Hawaii's governor has announced plans to create an extensive electric-car-charging network by 2012, in an effort to wean the islands off of high-priced oil.
The plan, unveiled today by Republican governor Linda Lingle, calls for a public-private partnership with Better Place, a company that develops infrastructure to support electric vehicles. The Silicon Valley start-up, which made a similar deal with cities in California's San Francisco Bay Area last month, plans to install between 70,000 to 100,000 charging ports throughout Hawaii's four largest islands. Hawaiian Electric Companies, the state's largest utility, has agreed to collaborate with Better Place to develop the network.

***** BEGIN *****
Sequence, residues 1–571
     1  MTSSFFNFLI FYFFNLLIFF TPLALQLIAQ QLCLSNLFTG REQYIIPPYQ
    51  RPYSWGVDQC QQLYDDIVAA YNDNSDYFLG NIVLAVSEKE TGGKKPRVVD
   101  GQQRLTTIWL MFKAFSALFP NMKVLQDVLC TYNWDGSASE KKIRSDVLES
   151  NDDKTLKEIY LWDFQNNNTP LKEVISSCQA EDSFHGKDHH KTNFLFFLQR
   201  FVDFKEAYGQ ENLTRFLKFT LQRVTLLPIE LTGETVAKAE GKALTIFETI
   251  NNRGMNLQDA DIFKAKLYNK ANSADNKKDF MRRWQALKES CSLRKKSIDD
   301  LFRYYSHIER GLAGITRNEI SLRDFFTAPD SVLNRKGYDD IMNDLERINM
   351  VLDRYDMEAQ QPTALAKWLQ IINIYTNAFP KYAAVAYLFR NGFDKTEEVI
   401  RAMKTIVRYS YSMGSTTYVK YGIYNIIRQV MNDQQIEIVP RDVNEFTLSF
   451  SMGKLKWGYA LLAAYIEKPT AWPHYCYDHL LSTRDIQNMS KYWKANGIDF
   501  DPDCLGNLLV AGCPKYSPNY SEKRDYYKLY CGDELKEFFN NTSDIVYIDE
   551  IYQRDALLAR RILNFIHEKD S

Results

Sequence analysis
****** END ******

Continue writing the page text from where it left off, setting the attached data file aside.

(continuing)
Much of the electricity used to charge the vehicles is expected to come from renewable energy sources, according to Better Place CEO Shai Agassi. “Hawai‘i, with its ready access to renewable energy resources like solar, wind, wave and geothermal, is the ideal location to serve as a blue print for the rest of the U.S. in terms of reducing our dependence on foreign oil, growing our renewable energy portfolio and creating an infrastructure that will stabilize our economy,” said Mr. Agassi in a press release. “Hawai‘i has made the commitment to breaking its dependence on foreign oil, and is leading the way in addressing the most important economic and energy issues facing us today.”